Geraldine Quinn is the black sheep of her family. While she is currently unemployed and unattached, pursuing her career in the arts, her siblings have all paired off and produced children. This makes Quinn the cool older aunty to 19 nieces and nephews. Nineteen. In MDMA: Modern Day Maiden Aunt, Quinn relates her struggle to be seen in a society where ‘older’ women are invisible, be there for this horde and perhaps most importantly, educate them about David Bowie.
Quinn’s voice is absolutely stunning. There’s not a dud among the songs she has composed for this show. The lyrics are sharp-witted, even when they’re spelling out curse words. The melodies are catchy enough to hang around in your head well after the show is done. There may not be many out there who have families as big as Quinn’s, but this doesn’t make her material any less relatable. A song about distant acquaintances banging on about their babies on Facebook could have been written about anyone’s feed, I’m sure.
As a production, MDMA hits all the right notes. Quinn’s costume, made by Sam Bolton, is perfect – its over-the-top theatre glamour contrasts so beautifully with Quinn’s drunken staggering and Ziggy Stardust-eqsue eye make-up. Justin Hamilton has done a fabulous job of directing. The lighting and sound do just what they need to to enhance Quinn’s performance, whether it’s stadium-style rock opera flashiness, or a deft touch that takes a song about invisibility to an entirely different level.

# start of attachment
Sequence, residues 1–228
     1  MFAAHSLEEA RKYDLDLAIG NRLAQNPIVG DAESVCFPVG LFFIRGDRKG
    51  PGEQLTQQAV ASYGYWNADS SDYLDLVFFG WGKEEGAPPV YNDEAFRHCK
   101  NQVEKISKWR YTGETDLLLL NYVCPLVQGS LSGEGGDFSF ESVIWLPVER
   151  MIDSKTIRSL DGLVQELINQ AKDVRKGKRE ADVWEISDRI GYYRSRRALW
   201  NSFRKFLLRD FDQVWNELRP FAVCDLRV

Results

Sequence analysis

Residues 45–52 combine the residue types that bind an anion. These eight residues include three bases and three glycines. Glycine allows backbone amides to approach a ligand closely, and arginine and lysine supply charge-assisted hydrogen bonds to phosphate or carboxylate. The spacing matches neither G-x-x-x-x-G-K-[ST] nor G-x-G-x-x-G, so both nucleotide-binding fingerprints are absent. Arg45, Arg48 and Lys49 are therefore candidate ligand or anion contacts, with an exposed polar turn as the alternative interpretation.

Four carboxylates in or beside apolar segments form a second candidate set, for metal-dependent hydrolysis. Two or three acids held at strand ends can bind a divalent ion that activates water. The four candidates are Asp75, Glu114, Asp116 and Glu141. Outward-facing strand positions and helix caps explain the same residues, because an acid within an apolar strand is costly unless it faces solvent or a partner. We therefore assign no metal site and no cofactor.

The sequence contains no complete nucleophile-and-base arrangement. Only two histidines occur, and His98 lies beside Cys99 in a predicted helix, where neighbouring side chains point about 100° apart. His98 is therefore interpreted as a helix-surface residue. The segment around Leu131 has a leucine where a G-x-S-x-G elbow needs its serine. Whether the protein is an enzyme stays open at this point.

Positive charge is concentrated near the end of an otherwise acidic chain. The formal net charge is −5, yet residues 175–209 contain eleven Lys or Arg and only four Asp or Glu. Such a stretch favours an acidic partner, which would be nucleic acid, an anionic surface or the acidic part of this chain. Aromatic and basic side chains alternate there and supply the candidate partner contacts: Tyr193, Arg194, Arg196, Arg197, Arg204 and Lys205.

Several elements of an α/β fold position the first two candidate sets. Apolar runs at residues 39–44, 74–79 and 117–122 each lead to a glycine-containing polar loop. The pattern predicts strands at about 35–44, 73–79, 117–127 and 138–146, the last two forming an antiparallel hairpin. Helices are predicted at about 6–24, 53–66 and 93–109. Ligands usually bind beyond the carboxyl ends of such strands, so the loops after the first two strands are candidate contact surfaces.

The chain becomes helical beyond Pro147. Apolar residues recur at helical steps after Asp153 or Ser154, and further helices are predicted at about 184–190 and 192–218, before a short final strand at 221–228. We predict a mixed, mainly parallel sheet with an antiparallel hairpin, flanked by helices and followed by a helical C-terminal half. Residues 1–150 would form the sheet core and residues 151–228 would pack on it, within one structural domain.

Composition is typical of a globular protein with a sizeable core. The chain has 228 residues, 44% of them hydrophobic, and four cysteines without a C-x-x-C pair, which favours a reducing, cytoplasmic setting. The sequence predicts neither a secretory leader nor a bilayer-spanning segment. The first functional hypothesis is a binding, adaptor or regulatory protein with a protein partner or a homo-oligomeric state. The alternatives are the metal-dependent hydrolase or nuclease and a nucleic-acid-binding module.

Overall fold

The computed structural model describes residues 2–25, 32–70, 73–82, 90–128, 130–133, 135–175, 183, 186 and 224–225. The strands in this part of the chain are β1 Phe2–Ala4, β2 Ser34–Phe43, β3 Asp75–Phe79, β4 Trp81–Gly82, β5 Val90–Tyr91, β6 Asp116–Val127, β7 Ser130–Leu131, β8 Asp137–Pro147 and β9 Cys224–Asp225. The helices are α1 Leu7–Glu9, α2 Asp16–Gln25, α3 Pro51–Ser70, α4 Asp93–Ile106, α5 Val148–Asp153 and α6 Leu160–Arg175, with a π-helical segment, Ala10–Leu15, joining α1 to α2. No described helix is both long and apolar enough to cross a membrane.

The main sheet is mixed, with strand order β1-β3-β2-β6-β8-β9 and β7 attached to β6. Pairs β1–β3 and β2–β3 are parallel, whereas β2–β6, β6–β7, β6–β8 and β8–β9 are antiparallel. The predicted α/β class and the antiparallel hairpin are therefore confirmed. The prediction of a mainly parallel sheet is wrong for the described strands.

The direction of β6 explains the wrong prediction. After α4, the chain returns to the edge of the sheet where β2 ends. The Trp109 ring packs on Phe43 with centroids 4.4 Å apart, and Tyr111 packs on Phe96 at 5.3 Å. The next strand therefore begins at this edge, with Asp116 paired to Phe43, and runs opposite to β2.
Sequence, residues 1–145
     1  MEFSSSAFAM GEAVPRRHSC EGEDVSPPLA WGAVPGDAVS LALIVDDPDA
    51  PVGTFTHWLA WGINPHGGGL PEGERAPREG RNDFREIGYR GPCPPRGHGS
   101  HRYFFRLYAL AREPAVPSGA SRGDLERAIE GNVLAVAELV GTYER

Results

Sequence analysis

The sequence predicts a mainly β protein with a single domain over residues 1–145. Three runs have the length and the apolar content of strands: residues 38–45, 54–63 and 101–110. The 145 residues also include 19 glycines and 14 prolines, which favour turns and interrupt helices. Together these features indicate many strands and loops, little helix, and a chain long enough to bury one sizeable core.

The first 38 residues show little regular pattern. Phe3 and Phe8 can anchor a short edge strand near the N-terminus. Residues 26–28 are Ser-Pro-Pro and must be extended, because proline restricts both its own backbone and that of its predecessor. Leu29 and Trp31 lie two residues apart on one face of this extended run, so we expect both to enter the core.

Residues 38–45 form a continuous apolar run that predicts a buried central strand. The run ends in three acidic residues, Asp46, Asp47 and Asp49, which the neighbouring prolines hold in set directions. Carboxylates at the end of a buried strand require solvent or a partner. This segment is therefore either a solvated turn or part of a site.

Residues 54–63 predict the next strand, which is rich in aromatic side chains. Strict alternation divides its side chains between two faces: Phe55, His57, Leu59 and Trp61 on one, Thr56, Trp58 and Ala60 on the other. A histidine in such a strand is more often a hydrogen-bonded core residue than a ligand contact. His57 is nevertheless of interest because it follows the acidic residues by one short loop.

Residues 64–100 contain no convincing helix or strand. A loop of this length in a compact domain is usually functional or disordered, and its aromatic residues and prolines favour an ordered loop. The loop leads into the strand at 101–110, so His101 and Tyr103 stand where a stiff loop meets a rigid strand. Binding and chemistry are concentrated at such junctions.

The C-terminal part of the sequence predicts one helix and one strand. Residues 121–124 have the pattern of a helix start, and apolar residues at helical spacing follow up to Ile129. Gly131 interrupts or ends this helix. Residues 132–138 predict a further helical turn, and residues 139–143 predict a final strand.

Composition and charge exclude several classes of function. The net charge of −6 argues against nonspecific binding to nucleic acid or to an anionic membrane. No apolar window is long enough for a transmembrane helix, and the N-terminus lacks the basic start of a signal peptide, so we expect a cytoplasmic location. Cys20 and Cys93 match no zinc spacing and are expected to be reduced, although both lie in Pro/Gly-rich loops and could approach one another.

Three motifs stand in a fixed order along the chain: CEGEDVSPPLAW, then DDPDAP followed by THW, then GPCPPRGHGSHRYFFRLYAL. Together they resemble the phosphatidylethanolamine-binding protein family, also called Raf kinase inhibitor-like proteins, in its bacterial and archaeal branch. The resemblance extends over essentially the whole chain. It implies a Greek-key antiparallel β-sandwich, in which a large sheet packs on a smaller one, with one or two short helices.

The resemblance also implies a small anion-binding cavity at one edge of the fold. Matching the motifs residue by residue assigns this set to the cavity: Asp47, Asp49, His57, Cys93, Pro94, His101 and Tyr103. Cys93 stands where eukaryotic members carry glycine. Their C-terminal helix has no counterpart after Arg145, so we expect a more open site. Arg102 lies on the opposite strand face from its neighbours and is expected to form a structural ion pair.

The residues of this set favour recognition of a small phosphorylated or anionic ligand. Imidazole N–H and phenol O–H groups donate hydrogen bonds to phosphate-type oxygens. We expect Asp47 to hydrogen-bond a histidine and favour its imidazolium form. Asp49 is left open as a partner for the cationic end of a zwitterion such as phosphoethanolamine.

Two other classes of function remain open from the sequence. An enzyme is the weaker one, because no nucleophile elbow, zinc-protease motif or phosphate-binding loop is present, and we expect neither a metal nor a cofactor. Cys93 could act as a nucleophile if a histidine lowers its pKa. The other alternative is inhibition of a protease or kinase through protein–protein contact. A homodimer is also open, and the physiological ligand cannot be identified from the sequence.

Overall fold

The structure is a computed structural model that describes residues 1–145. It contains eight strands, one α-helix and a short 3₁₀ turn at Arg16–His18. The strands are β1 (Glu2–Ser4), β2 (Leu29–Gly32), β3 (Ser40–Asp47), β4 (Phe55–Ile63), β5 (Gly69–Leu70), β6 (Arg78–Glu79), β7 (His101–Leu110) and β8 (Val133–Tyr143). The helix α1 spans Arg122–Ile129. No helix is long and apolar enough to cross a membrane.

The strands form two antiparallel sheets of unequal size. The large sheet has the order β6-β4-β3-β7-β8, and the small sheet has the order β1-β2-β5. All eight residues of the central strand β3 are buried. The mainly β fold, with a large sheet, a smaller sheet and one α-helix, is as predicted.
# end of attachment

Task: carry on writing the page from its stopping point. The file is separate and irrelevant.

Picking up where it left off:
MDMA: Modern Day Maiden Aunt is an uproariously cynical portrayal of singledom and a loving ode to Quinn’s nieces and nephews – even if they’re too young to see it. Quinn is both powerful and vulnerable, scathing and sweet. If you’ve ever been asked when you’re going to get a proper job or settle down and have kids, you have to go see this.
MDMA: Modern Day Maiden Aunt is on at Melb Town Hall – Lunch Room until April 20